Licensing laws are established independently by each state government. In some cases, occupational licensing requirements are established directly by state legislatures in the statute that creates a license. Other states delegate the power to determine licensure requirements to state agencies or state-sponsored independent boards. Often, licensing requirements are set by a combination of statute and regulation, the latter being written by a state government agency or an independent licensing board usually comprised of industry representatives appointed by the state’s governor.
According to a 2015 brief published by the Council on Licensure, Enforcement and Regulation (CLEAR), “civic leaders, elected officials, and courts have struggled to balance legitimate interests in protecting public health and safety with the preservation of free practice.” Policymakers play an important role by assuring that regulatory changes do not remove important consumer health and safety safeguards. “Where there is clear safety and quality rationales for licensure, such as in health care and education, any agenda to relax those licensing restrictions should research exactly how quality and safety can be maintained without licensure,” say researchers in a 2018 article published in the Annual Review of Law and Social Science.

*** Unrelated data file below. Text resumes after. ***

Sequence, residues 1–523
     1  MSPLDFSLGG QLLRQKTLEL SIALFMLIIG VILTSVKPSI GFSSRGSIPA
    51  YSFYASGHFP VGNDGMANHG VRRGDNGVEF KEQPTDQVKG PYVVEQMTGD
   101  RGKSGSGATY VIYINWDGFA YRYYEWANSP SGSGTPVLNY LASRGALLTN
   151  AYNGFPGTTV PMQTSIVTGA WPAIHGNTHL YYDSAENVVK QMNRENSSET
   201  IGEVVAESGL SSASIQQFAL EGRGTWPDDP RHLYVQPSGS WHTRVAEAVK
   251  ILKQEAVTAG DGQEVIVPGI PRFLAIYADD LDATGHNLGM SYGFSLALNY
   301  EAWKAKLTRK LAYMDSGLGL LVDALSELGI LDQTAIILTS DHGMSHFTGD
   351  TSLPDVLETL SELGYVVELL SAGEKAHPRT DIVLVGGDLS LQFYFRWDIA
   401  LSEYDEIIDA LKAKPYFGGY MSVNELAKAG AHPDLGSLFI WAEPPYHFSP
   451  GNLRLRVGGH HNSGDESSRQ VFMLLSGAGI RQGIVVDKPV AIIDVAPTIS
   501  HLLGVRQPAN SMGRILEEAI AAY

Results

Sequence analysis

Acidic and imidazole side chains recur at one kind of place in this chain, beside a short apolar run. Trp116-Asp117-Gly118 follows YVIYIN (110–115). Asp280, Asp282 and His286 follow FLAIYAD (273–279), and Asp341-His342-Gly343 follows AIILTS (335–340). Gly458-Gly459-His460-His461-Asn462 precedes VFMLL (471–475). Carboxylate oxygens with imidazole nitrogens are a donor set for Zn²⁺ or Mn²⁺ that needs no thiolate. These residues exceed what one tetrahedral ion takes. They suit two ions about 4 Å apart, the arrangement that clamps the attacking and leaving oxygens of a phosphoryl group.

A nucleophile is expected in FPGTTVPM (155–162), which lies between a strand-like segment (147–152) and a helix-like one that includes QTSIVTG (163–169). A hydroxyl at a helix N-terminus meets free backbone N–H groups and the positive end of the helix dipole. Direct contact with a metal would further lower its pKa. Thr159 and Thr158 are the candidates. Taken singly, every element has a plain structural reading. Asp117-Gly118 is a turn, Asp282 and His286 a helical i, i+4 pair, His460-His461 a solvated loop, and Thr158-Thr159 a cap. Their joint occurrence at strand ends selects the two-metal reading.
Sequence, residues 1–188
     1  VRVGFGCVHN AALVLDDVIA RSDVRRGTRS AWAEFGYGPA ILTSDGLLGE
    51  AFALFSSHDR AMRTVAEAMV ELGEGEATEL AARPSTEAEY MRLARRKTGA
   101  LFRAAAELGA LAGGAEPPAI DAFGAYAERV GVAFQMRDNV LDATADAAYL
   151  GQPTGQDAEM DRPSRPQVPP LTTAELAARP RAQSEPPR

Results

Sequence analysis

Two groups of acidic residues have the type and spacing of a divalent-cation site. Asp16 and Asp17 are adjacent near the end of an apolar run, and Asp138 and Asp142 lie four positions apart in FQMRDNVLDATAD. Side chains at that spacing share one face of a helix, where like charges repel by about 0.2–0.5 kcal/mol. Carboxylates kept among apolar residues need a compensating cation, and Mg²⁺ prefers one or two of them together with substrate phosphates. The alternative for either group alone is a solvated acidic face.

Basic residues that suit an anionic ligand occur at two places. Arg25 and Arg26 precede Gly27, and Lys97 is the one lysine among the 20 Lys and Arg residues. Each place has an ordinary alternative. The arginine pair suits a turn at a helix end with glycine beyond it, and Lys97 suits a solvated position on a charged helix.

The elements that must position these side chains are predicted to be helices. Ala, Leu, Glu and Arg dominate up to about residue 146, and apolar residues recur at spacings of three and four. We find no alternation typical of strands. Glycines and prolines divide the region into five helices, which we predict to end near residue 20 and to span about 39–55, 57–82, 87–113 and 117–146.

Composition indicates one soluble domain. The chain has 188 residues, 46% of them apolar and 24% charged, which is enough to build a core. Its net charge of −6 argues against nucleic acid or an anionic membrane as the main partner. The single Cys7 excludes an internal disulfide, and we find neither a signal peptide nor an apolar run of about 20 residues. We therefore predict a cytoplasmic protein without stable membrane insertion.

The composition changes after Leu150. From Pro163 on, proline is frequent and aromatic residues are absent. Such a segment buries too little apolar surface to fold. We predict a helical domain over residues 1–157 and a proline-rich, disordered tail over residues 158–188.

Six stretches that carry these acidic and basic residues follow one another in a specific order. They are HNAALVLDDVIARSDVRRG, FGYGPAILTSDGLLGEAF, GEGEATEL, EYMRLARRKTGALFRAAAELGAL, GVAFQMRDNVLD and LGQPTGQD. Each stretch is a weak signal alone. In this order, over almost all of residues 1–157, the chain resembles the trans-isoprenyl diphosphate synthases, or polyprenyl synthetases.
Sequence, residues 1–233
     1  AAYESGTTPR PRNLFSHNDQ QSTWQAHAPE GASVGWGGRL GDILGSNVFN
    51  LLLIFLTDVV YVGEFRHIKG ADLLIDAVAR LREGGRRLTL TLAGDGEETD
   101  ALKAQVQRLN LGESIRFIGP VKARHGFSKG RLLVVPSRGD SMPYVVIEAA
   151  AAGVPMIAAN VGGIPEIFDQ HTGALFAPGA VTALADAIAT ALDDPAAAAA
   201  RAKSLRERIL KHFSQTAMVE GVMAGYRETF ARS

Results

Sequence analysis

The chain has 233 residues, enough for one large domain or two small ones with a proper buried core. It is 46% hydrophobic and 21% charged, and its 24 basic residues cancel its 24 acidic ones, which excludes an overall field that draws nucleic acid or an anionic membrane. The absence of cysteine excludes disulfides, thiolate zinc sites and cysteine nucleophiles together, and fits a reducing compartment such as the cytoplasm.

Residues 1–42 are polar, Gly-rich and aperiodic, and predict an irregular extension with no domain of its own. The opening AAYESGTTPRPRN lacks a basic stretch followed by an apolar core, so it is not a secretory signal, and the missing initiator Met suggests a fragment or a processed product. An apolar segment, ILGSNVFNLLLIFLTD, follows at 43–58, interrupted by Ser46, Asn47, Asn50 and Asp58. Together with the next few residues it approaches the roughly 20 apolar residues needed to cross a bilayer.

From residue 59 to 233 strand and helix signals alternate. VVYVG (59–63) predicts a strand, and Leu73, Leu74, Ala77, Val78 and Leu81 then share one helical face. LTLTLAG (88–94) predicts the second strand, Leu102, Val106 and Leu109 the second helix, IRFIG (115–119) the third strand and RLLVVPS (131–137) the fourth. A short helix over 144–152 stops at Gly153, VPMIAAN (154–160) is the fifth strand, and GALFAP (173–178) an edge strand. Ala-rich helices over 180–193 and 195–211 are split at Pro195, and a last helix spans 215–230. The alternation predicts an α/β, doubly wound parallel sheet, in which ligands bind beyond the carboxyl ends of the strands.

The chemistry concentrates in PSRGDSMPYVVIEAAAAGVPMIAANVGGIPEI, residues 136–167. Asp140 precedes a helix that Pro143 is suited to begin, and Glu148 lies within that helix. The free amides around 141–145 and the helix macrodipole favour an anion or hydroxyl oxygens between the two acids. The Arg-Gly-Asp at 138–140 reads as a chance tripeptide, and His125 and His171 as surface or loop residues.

Striking the right balance represents an opportunity for policymakers to achieve important public policy goals, including consumer protection, job creation, workforce mobility and economic growth. Removing employment barriers for unique populations, such as immigrants with work authorization, military families and people with criminal records, offers a powerful lever to achieve multiple policy goals. These include employment growth, reduced recidivism for employed ex-offenders, enhanced geographic mobility and economic stability and opportunity for individuals and their families.